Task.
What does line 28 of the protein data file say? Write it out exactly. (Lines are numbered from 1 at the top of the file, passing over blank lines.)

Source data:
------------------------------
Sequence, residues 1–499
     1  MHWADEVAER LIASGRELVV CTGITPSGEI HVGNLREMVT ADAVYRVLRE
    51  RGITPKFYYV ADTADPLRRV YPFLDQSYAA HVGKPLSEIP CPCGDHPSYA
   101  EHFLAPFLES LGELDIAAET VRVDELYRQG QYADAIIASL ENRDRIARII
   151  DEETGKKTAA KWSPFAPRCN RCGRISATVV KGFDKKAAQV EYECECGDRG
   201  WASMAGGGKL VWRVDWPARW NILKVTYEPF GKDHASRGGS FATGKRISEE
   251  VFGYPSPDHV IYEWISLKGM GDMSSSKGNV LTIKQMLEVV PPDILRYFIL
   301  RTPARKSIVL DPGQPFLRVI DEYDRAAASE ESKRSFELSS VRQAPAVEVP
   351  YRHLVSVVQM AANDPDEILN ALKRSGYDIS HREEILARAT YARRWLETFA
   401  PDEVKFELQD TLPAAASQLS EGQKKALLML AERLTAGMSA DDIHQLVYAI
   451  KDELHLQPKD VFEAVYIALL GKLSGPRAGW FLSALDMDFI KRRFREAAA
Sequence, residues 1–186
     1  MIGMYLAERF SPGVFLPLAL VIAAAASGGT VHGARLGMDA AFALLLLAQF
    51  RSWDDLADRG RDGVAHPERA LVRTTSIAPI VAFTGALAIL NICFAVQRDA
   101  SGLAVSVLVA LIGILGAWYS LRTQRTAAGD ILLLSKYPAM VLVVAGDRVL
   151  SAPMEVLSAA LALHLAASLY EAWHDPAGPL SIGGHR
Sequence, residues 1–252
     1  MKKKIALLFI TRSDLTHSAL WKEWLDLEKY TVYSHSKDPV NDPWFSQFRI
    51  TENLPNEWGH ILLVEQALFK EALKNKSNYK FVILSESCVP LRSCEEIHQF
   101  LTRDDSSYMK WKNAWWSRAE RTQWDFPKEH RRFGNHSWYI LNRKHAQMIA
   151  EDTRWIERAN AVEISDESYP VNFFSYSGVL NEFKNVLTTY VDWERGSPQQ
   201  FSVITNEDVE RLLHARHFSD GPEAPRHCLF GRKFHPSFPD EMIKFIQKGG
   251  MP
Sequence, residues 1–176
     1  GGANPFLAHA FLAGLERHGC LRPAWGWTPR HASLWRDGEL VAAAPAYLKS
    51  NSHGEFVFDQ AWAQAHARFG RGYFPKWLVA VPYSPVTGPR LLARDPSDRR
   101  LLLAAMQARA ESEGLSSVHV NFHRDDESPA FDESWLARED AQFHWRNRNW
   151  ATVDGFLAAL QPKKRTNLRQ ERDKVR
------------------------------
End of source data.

   151  ATVDGFLAAL QPKKRTNLRQ ERDKVR